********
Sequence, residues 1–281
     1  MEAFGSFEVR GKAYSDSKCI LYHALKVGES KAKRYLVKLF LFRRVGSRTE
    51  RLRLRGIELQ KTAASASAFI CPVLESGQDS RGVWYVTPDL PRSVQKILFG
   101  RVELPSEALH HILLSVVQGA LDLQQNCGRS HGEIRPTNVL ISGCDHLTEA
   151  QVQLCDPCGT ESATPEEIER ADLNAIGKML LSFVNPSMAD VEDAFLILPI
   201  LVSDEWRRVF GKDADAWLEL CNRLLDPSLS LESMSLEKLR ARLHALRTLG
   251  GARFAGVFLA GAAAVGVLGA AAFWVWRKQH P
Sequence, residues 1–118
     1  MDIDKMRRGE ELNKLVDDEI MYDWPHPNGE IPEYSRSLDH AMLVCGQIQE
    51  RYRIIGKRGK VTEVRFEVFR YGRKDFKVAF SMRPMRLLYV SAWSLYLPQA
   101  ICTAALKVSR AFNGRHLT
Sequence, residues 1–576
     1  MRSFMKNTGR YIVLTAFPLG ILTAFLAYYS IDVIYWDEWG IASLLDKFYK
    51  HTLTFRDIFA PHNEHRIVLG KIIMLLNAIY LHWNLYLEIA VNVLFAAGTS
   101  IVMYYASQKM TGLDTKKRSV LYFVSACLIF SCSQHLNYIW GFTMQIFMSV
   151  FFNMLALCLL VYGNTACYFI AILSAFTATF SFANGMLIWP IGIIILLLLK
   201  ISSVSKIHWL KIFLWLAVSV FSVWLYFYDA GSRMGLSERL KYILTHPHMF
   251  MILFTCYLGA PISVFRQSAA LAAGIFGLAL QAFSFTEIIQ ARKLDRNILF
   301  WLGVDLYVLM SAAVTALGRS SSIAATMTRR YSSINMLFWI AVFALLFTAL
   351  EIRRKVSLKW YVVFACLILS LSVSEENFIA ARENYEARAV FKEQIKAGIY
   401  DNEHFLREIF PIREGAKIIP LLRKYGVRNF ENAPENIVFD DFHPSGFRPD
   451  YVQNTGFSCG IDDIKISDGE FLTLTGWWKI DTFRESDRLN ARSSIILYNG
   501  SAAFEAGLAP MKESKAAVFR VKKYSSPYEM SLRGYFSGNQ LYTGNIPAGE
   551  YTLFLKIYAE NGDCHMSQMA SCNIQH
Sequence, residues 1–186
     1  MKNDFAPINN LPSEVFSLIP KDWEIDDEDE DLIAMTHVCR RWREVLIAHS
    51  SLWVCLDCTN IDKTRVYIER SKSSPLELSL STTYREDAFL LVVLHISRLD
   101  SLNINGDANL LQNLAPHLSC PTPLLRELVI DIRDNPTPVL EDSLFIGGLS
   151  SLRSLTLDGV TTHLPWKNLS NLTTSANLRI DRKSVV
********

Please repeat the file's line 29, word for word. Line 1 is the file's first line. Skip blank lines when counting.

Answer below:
   151  SLRSLTLDGV TTHLPWKNLS NLTTSANLRI DRKSVV